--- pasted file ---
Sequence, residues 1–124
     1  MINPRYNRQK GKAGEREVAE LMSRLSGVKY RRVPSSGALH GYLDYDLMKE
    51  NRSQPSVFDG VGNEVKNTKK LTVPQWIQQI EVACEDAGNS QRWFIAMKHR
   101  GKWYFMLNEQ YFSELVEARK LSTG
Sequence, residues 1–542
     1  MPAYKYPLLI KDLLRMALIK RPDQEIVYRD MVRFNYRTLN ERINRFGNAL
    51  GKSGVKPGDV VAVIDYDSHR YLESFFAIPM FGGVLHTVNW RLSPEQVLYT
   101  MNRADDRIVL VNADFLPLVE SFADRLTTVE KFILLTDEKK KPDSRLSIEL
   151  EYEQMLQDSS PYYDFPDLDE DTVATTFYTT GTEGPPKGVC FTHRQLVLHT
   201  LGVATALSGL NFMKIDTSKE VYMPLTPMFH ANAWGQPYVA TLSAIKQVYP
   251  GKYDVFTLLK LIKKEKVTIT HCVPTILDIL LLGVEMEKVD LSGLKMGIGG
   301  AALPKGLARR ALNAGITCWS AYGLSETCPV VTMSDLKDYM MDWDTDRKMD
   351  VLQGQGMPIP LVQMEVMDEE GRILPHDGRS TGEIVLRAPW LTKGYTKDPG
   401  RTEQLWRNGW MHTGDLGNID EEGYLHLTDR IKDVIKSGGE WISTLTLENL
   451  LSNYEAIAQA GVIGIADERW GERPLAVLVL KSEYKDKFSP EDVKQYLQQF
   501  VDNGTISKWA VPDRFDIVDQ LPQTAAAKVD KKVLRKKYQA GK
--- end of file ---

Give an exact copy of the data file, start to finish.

Sequence, residues 1–124
     1  MINPRYNRQK GKAGEREVAE LMSRLSGVKY RRVPSSGALH GYLDYDLMKE
    51  NRSQPSVFDG VGNEVKNTKK LTVPQWIQQI EVACEDAGNS QRWFIAMKHR
   101  GKWYFMLNEQ YFSELVEARK LSTG
Sequence, residues 1–542
     1  MPAYKYPLLI KDLLRMALIK RPDQEIVYRD MVRFNYRTLN ERINRFGNAL
    51  GKSGVKPGDV VAVIDYDSHR YLESFFAIPM FGGVLHTVNW RLSPEQVLYT
   101  MNRADDRIVL VNADFLPLVE SFADRLTTVE KFILLTDEKK KPDSRLSIEL
   151  EYEQMLQDSS PYYDFPDLDE DTVATTFYTT GTEGPPKGVC FTHRQLVLHT
   201  LGVATALSGL NFMKIDTSKE VYMPLTPMFH ANAWGQPYVA TLSAIKQVYP
   251  GKYDVFTLLK LIKKEKVTIT HCVPTILDIL LLGVEMEKVD LSGLKMGIGG
   301  AALPKGLARR ALNAGITCWS AYGLSETCPV VTMSDLKDYM MDWDTDRKMD
   351  VLQGQGMPIP LVQMEVMDEE GRILPHDGRS TGEIVLRAPW LTKGYTKDPG
   401  RTEQLWRNGW MHTGDLGNID EEGYLHLTDR IKDVIKSGGE WISTLTLENL
   451  LSNYEAIAQA GVIGIADERW GERPLAVLVL KSEYKDKFSP EDVKQYLQQF
   501  VDNGTISKWA VPDRFDIVDQ LPQTAAAKVD KKVLRKKYQA GK